I finished my coffee and walked back to my campsite to see a large crow on the ground, something trapped beneath his talons that he was snacking on.  Hmm, it’s something shiny…what could that be.  As I got closer, I realized that’s a ramen noodles wrapper…hey, that’s my ramen noodles that I didn’t eat last night!  I had left my Givi bag open, and this guy went in there and stole them.  As I got closer, he saw me coming, picked up the noodles, flew about 100 feet away and landed on a picnic bench…and continued eating them.  Why you SOB…


I packed up camp, and headed into the little town nearby to take a picture.  It was very early and the town was even quieter than it usually is.  The sun was just starting to shed light on the town, but most was still in the shadows, a very pretty scene.  I like towns like this a lot.  After stopping for a look at the lighthouse that marked the entrance to the cove by which I camped last night, I started heading west towards St. John.  I approached the town around the morning commute hour, and traffic was at a standstill.  Some road construction signs were to blame, so I took the first exit and headed back the other direction to the small town I had just passed, hoping to find breakfast.  I found a small café, and sat down, figuring I’d wait out the traffic.  The locals started talking to me, and they told me that I could take a ferry across the river and sneak my way around St John’s and avoid the traffic.  Sounded like a good idea, and that’s what I did.  They failed to mention that it was a spectacular ride.  I made the right choice not only for the ride, and the two quick ferry crossings, but also because I didn’t see a car the entire time.


(Town of St. Martins) (Lighthouse) (Covered Bridge) (On the ferry)


The last hour as I approached the border to the US found my mind wandering, but unlike how I was thinking forward to things to come as I rode across Quebec a week and a half ago, I was now thinking about all the things I had seen.  Fresh in my mind was the fact that I was so pleased to have gotten a new rear tire (and quickly) and was able to go visit Cape Enrage.  I can’t explain how much I like that spot, especially from my rock.  I smiled in my helmet as I rode along, trying to recount all of the happenings over the last week, but forgetting equally as much as I could remember.  I crossed the border with little fanfare and for the first time in two weeks saw gas stations displaying price per gallon vs. price per liter.  But it wasn’t like that was going to do me any good in figuring out my miles per gallon, as my odometer hadn’t worked in about 1800 miles.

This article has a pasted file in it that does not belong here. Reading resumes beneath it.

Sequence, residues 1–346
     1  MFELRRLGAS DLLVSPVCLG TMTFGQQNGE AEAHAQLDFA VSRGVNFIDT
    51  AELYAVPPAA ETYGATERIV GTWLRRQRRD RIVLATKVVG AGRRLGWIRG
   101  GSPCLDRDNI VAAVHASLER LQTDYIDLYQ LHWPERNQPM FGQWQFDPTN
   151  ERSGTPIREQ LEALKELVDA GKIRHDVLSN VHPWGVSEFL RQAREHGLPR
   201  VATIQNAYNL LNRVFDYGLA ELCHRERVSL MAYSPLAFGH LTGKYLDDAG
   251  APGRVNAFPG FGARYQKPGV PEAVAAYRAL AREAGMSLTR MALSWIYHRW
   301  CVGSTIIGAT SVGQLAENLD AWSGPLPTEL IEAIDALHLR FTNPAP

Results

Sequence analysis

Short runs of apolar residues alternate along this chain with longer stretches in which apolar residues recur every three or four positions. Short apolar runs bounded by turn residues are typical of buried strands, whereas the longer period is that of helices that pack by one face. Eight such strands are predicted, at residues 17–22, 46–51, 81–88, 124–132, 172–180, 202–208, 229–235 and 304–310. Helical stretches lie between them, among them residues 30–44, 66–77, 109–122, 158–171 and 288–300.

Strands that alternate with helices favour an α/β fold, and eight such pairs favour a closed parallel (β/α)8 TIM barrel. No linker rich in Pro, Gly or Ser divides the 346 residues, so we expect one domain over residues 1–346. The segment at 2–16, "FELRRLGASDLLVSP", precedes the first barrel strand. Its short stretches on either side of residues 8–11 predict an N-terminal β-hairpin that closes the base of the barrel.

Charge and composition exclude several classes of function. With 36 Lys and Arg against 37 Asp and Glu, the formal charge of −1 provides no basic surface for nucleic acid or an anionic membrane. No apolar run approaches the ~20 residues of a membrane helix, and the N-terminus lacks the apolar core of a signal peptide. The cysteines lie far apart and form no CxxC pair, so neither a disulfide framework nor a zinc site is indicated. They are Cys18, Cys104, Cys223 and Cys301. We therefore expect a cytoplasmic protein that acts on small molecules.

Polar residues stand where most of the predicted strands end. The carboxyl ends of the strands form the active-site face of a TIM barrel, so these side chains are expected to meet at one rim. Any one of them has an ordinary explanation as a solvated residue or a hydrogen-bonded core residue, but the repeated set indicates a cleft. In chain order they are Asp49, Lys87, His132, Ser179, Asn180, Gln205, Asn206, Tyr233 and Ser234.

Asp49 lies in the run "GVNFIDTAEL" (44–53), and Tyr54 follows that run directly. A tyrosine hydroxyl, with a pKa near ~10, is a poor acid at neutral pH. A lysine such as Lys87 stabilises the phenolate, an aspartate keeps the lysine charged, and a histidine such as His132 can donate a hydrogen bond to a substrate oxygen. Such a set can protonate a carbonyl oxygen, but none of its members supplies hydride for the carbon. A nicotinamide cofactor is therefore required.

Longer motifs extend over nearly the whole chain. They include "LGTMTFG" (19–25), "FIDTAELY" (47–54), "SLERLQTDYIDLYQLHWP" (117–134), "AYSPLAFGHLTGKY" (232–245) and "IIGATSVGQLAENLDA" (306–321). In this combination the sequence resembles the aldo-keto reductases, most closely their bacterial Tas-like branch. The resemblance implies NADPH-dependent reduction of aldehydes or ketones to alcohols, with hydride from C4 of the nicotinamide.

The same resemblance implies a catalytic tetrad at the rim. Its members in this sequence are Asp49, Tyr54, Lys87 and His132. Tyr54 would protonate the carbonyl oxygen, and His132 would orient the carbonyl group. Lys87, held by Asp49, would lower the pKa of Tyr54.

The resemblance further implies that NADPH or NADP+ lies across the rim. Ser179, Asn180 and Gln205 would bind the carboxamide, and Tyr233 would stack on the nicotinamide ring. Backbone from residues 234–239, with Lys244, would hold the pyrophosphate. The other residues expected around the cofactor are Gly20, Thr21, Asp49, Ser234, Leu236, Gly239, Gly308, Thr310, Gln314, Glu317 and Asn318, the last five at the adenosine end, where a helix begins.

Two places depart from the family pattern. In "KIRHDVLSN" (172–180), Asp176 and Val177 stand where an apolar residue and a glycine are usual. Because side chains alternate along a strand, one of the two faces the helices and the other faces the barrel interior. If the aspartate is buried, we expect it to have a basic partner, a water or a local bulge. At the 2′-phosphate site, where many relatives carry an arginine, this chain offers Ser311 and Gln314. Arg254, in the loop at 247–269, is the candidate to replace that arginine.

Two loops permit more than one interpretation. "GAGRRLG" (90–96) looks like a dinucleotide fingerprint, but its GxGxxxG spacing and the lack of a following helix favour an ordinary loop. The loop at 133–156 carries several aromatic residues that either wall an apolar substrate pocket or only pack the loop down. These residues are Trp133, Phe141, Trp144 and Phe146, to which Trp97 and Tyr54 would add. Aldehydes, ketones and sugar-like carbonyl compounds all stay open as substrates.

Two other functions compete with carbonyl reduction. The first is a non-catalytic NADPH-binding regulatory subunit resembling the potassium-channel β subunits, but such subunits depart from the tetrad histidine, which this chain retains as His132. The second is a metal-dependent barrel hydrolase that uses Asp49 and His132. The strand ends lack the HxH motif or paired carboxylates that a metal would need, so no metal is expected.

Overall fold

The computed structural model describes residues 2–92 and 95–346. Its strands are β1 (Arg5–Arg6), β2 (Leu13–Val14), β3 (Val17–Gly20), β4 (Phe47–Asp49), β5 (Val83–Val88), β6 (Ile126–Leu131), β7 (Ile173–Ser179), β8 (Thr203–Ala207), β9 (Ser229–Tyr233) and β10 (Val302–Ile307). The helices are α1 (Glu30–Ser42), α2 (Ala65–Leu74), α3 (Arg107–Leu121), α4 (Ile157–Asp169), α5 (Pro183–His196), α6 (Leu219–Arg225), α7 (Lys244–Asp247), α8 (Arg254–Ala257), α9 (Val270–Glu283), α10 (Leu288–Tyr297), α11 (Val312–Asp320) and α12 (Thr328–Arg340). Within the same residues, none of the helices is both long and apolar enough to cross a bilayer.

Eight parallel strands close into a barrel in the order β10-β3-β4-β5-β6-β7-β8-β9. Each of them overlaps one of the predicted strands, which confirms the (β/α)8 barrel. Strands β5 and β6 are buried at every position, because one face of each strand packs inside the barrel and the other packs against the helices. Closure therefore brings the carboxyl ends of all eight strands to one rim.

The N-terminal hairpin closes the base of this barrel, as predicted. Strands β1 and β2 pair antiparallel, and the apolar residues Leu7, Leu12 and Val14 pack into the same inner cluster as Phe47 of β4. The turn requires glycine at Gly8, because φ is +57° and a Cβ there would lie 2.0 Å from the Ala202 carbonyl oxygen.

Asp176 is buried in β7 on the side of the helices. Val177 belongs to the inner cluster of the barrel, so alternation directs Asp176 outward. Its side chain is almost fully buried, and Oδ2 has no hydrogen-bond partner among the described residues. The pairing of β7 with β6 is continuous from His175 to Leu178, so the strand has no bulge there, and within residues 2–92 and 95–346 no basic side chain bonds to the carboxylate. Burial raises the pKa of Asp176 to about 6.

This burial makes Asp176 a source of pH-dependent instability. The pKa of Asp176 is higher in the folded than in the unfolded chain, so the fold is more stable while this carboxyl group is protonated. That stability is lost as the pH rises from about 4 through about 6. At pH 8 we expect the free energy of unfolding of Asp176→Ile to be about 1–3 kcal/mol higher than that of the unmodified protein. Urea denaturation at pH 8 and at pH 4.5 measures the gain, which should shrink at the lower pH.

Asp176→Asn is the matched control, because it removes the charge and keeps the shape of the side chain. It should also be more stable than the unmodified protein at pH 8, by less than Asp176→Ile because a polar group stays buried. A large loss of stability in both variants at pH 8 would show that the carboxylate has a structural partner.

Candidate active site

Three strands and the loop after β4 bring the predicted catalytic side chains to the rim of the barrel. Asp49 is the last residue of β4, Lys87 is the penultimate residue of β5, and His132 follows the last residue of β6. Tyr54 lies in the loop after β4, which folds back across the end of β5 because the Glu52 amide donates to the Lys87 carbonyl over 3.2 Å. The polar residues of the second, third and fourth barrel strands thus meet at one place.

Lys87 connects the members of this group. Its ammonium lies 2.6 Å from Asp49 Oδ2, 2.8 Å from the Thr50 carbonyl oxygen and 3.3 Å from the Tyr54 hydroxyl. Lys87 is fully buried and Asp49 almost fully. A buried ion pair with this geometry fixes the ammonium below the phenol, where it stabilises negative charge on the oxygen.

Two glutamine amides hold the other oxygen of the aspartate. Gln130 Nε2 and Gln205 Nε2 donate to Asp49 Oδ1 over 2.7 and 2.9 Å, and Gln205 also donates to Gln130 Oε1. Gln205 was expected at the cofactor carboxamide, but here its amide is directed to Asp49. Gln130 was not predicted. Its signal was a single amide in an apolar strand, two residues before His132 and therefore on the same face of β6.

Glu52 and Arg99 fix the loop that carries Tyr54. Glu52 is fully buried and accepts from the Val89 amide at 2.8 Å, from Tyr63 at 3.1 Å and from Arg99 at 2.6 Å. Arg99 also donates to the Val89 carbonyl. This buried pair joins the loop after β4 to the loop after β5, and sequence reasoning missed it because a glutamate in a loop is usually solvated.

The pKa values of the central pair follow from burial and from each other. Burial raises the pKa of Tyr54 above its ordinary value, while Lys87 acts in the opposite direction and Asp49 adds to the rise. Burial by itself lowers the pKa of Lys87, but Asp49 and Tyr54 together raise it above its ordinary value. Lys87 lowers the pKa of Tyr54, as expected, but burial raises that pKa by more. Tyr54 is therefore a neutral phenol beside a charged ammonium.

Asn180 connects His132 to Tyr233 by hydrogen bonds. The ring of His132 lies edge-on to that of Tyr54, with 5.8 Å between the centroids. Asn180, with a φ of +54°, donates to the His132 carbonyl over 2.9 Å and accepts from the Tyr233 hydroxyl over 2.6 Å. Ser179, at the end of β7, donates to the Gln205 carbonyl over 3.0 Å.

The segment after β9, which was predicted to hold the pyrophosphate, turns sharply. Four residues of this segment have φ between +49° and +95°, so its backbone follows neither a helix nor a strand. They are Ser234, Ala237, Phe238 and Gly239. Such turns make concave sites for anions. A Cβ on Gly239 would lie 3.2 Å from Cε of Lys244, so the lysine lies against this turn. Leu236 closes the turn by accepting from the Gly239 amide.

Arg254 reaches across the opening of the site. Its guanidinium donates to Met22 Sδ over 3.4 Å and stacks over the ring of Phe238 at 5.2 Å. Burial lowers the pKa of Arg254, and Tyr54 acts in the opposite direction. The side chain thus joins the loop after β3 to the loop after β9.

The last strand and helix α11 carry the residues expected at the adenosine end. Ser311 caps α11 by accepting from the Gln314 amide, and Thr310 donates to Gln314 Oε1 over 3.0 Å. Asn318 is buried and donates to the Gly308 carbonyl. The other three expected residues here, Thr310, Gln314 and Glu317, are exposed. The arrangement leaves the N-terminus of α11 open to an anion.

I think that the Maine coastline, at least the area near Canada, is one of the more beautiful sites in the United States.  Black jagged rock with coves and inlets, not unlike those up at L’anse Aux Meadows, are interspersed along seemingly endless miles of shoreline.  Tall trees, presumptively hundreds of years old, line the right side of the road.  There are some small towns along the way, but nothing spoils the landscape.  Even the run down service stations play their part in making this scenery what it is.  It looks old and it is old.


Out of nowhere, the town of Ellsworth appears and you’re reminded that this is actually New England, where the land is plentiful and so too are the people.  Ever since I left the rock, traffic has been getting worse and worse…first Nova Scotia, then the traffic jam this morning, and now New England.  To make matters worse, I was headed to Acadia National Park, and while I knew I would hit even more population, a lobster roll and a view that you can’t put a price on would be more than enough to combat my feeling of resentment towards all the inevitable people…or so I thought.  After all, they haven’t yet gotten the message that these are my roads, and they are not supposed to be here.


Lobster roll safely stowed in my tank bag, I made my way into the park and towards Otter Point, a place that I hadn’t visited since 1999.  Right away, I remembered why I came down here – the ride is just plain worth it.  What I didn’t realize was just how many people would be here on a…ummm…I think today’s Thursday, but I’m not 100% sure.  I’m pretty sure.  Every parking lot was near capacity, and I was amazed at the number of people that were there.  It was higher than I would have or could have imagined, but just like at Cape Enrage, I climbed down onto the rocks, found a quiet place to sit, and everyone else disappeared.  Only the view of the bay remained.  That was one good lobster roll – I can still smell it.


(Acadia Shoreline) (Otter Point - low tide) (Otter Bay)


I stopped a time or two in the park again, but I mostly made a b-line back to Highway 1 and continued west.  The more I wanted and needed to make time, the more traffic increased.  I know this is what’s in store in New England – beautiful roads that twist through incredibly beautiful countryside, with a million two-legged cockroaches doing all they can to all but ruin it for you.  I found my times to enjoy a view, and enjoy a mile or two of peace before the people picked up, but it was evident that I was just delaying the inevitable.  I thought about the other times I’d been through New England, my first in April (yes, April) of 1999, and I remembered how much I liked it.  I remembered how much I didn’t like it when Otter, Adam, and I went to Nova Scotia a few years ago, mostly because of too many people…same thing on this trip through.  I shouldn’t say I didn’t like it, but I think I prefer it in April, even if the lakes are still frozen over.